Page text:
Premium Bonds are a modern draw
Premium Bonds may seem like an investment from the black and white era, but the vast majority of investors and prize winners are from recent times.
Figures obtained by the BBC show that more bonds have been sold in the last seven years than in the previous 48.
As a result, some 86% of winners in the January draw had bought their Premium Bonds between 2000 and 2010.
But 680,000 prizes remain unclaimed, with a total value of £39m.
Harold Macmillan announced the launch of Premium Bonds in the 1956 Budget, in a bid to encourage saving and reduce inflation.
Two years later, among those who put money in was one individual in Essex. Now, 53 years later, that £2 stake has just scooped a prize of £1,000 in the latest May draw.
Others do not have so long to wait for a win, according to data from National Savings and Investments - which runs the operation.
One customer, who started holding Premium Bonds in July 2003, became a millionaire by winning the jackpot the following month - the only customer to ever have had such a swift win since the £1m prize was introduced.
Draws are made each month, with prizes ranging from £25 to a single jackpot of £1m.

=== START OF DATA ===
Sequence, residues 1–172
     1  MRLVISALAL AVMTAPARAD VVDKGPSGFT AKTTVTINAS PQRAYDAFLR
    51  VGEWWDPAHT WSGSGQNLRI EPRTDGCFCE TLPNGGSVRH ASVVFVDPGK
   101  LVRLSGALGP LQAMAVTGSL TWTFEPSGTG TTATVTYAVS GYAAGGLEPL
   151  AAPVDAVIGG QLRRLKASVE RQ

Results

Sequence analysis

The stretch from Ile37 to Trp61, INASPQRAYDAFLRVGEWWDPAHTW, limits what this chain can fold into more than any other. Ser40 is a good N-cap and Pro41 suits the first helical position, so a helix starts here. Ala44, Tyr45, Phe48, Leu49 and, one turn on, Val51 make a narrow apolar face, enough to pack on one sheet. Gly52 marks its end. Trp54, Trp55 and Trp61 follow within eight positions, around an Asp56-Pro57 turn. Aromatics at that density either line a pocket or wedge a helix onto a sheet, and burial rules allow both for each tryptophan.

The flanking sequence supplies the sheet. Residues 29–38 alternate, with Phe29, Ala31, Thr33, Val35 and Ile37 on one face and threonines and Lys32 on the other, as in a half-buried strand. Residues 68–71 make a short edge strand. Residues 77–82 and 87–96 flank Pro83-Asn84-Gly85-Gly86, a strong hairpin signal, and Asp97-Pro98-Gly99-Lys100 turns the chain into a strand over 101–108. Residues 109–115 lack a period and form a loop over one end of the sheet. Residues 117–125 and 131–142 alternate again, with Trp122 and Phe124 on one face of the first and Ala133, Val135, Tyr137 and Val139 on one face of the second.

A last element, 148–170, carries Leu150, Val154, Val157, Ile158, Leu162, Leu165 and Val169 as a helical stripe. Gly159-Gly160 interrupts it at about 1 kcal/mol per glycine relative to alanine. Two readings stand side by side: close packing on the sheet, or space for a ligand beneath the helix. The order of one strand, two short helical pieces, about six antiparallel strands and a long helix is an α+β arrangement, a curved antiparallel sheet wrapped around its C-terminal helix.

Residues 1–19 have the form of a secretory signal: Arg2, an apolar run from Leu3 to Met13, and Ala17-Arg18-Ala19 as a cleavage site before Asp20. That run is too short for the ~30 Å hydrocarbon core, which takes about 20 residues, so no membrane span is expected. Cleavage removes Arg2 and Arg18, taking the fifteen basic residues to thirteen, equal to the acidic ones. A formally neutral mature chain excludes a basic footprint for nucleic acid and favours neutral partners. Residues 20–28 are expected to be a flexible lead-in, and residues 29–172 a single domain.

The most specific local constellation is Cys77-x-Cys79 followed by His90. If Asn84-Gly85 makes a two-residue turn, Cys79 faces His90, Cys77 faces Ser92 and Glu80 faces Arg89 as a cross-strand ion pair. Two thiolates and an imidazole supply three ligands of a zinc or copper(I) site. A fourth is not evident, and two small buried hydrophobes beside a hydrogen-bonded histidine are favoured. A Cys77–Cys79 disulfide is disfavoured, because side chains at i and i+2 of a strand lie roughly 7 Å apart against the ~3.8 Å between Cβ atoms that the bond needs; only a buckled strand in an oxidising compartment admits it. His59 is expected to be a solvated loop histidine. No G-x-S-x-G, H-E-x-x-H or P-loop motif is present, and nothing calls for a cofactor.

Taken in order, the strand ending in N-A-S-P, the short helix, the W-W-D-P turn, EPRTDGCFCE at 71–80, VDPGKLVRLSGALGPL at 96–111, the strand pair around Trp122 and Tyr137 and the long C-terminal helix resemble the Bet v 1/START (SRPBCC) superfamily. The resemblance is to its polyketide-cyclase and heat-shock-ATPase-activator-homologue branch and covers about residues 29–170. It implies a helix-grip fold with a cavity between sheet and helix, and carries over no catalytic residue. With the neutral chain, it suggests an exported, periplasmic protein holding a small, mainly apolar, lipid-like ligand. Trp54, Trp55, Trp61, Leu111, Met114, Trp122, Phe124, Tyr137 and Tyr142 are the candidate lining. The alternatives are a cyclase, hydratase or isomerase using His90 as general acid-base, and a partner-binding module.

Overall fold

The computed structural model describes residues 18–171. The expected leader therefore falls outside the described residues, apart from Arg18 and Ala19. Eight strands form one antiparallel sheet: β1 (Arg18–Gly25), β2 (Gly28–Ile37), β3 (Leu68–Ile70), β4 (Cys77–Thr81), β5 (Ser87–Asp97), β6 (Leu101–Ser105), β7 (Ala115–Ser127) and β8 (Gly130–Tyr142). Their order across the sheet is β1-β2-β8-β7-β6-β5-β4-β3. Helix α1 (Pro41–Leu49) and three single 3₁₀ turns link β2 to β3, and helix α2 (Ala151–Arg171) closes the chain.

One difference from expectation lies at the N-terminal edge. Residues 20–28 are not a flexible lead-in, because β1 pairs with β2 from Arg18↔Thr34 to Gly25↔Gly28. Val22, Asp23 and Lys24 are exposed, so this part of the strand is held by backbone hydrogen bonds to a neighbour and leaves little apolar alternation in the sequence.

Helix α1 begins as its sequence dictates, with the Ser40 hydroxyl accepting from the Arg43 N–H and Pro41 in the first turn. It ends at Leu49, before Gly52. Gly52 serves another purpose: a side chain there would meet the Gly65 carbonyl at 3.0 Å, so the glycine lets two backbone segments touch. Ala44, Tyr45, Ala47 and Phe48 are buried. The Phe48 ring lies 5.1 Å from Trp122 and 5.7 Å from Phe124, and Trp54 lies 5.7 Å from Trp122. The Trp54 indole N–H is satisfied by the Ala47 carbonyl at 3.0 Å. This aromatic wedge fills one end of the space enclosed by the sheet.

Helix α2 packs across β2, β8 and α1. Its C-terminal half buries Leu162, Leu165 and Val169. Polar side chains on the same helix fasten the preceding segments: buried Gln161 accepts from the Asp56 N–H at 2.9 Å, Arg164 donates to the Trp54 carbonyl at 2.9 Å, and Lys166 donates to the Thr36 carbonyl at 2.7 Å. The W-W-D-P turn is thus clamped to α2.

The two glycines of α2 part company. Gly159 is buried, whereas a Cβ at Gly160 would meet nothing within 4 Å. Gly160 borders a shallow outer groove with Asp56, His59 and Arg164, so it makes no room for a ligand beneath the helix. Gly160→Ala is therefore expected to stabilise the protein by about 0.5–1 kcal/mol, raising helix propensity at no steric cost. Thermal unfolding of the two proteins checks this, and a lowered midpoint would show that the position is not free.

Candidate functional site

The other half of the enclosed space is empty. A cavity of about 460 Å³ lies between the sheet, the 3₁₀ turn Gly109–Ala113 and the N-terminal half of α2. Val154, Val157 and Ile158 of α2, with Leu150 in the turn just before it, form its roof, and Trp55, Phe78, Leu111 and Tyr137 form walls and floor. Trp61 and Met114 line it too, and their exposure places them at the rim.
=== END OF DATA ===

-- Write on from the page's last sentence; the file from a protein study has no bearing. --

The draw is made by Ernie - Electronic Random Number Indicator Equipment - in a secure location only accessible by a handful of employees.
The computer has been updated as technology has advanced and, now in its fourth incarnation, takes two-and-a-half hours to make the random monthly draw.
The £1m Premium Bonds jackpot was introduced in 1994.
From April of that year to April 2011, men have been more successful than women, with 140 male jackpot winners compared with 110 female winners.
Those aged in their late 50s and early 60s were most likely to celebrate, although the date of birth of the majority of winners is unknown. Of the remainder, there have been at least 10 £1m jackpot winners aged 65 to 69, with nine £1m winners aged 60 to 64, and another nine aged 55 to 59.
The South East of England also dominated the success league with the highest number of winners in outer London (24) followed by Surrey (14), Kent (10) and Lancashire (10).
During the financial crisis, there was a "flight to safety" which raised the popularity of NS&I products owing to its government guarantee that funds were safe.
However, in March 2009, one of the two £1m jackpot prizes was cancelled as interest rates fell to record lows.
With the chances of the jackpot having fallen, most investors will always be disappointed. They must be content with a regular interest rate, and that is not as generous as some savings products, according to Adrian Lowcock, senior investment adviser at Bestinvest.
"Because it is a prize draw there is the possibility of winning £1m each month, tax free, or more likely nothing at all," he said.
"As such the bonds do offer an interest rate based on the annual prize fund - this rate is 1.5%. Not high, but better than some cash accounts.
"For investors who have a spare bit of cash that they do not need to earn anything on - and are happy with the potential to get some winnings in any given month, Premium Bonds can add to a portfolio and possibly help more than they expect."